Published in Issue 126 of The Leither, my article entitled 'What's the next step on Ireland's rocky journey?' about the Emerald Isle's tangled history and the threat of the return of a hard border.
Around 1.5 million Scots are of Irish heritage. My own father was born in Monaghan, in what was then the Irish Free State. Over the centuries, whole families have emigrated, seeking better lives, or fleeing poverty, pogroms, and political persecution. The events that had the greatest impact on stoking this diaspora were the famines of 1740-41, when nearly half a million died, and 1845-52, when a million more perished.
Untangling the roots of Ireland historic grievances would be impossible, least of all Northern Ireland's 'Troubles' of 1969-1998. But that final date as of immense significance. It marks the point when the Good Friday Agreement (GFA) was implemented. This signified a line being drawn on the past, so people of every political and cultural persuasion might feel compelled to look forward to. Power would be shared in Stormont, cross-border institutions set up and paramilitary arms decommissioned. 71% of Northern Ireland's electorate voted Yes to the agreement, as did 94.3% of the Republic's. Only the Democratic Unionist Party (DUP) opposed it.
My memories of visiting relatives in the north in the 1970s and 1980s include roadblocks manned by gun-toting soldiers or police, and armoured vehicles trundling along the red bricked streets. Shopping in Belfast city centre meant negotiating turnstiles and being frisked by squaddies. But all this could be classified as a minor inconvenience compared to the experience of huge swathes of the native population during the Troubles.
Conflict had been festering ever since the British state partitioned Ireland on the basis of his sectarian headcount in 1921, guaranteeing the ascendancy of the Protestant majority in the six northernmost countries, and discriminating against Catholics in employment, housing and education. Catholic ghettos were epitomised by poor housing, the inhabitants denied the same voting rights as their Protestant neighbours by constituency boundaries (the infamous policy of gerrymandering.) The rise of the nationalist civil rights movement in the late 1960s was countered by loyalist mobs. In scenes reminiscent of Kristallnacht, rioters burned down scores of Catholic homes and businesses. The British Army was eventually sent him to protect Catholics, and was welcomed with tea and sandwiches. This honeymoon period would be short-lived.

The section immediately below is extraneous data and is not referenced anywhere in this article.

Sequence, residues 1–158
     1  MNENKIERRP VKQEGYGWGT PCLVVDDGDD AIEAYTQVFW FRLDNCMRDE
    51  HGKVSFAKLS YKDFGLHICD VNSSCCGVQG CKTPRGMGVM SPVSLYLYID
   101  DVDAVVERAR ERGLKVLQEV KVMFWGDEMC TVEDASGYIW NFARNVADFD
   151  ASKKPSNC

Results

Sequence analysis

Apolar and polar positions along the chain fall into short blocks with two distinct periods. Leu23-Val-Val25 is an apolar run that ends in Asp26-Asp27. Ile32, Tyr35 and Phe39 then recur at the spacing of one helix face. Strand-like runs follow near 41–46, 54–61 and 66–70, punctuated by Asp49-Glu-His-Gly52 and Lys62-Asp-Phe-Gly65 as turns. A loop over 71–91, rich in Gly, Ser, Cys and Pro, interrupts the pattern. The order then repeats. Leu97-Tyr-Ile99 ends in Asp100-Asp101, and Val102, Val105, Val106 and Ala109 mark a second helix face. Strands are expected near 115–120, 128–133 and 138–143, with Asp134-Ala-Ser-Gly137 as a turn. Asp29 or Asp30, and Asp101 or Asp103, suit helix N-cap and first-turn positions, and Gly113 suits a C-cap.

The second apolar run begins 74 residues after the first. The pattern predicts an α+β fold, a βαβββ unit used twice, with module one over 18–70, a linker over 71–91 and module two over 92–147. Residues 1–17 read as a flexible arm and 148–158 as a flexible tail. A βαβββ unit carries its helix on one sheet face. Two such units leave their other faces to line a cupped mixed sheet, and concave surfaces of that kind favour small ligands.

In a poignant 2018 BBC documentary 'My Dad, the Peace Deal and Me,' TV presenter Patrick Kielty described his frustration that the GFA, an integral part of which was a seamless Irish border, has been exposed to risk. Ten years before the peace deal, when he was 16, his father was murdered by loyalist terrorists.
The earliest victims of the Troubles included two Protestant civilians shot dead by the British Army, and Victor Arbuckle of the Royal Ulster Constabulary, the first uniformed man to die, murdered by the Ulster Volunteer Force. Since then 3,500 have been killed and 50,000 have become casualties. A further 150 have died at the hands of dissidents since the GFA.
Channel 4 recently aired a compelling documentary, The Ballymurphy Precedent. This gave a disturbing insight into the way British security forces tarred an entire community with the same brush, decades before any peace initiatives. In 1971, soldiers of the 1st Battalion, the Parachute Regiment, entered nationalist Ballymurphy in West Belfast, intent on smashing makeshift barriers and searching for weapons. 11 civilians were gunned down. (1st Para gained more widespread notoriety for the murder of 28 civil rights marchers in Derry months later, in what became known as Bloody Sunday.)
Their commanding officer, Captain Mike Jackson, claimed the slain were all gunmen. Family members have always rigorously denied their loved ones had paramilitary connections. Indeed, locals were critical of the IRA for withdrawing from the estate as the paratroopers were preparing their assault. When the relatives were given access to official reports they found contradictory statements. One of the deceased, Joan Connolly, was a 44-year-old mother of eight. It was claimed she had been manning a machine gun post, Another victim, Hugh Mullan, was a Catholic priest, shot while waving a white cloth as he administered the last rites to a casualty.
The relatives have been seeking justice for nearly half a century. In 2016, an inquest was recommended by the Lord Chief justice of Northern Ireland, Sir Declan Morgan. DUP leader Arlene Foster deferred funding: a decision condemned by Amnesty International.
The latest twist in Ireland’s long chequered relationship with the mainland has been Brexit. Whatever the motivations of any of those in Great Britain who demanded the UK leave the European Union, you wonder if the return of a hard Irish border weighed heavily on their decision. Conservative arch-Brexiteer, Jacob Rees-Mogg has accepted border checks "as we had during the Troubles" would need to return.
In a poignant 2018 BBC documentary My Dad, the Peace Deal and Me, TV presenter Patrick Kielty described his frustration that the GFA, an integral part of which was a seamless Irish border, has been exposed to risk. Ten years before the peace deal, when he was 16, his father was murdered by loyalist terrorists.
Perhaps the likes of Mogg and former UKIP leader, Nigel Farage are more concerned with this fact: at the start of 2019 (coincidental to the Brexit deadline), all EU member states will have to apply the Anti-Tax Avoidance Directive. This will crack down on Mogg, Farage and their wealthy donors. Post-Brexit, as long as their money is safely secreted into untouchable offshore accounts, why should they care about Ireland’s border any more than many of their Great British countrymen ever have?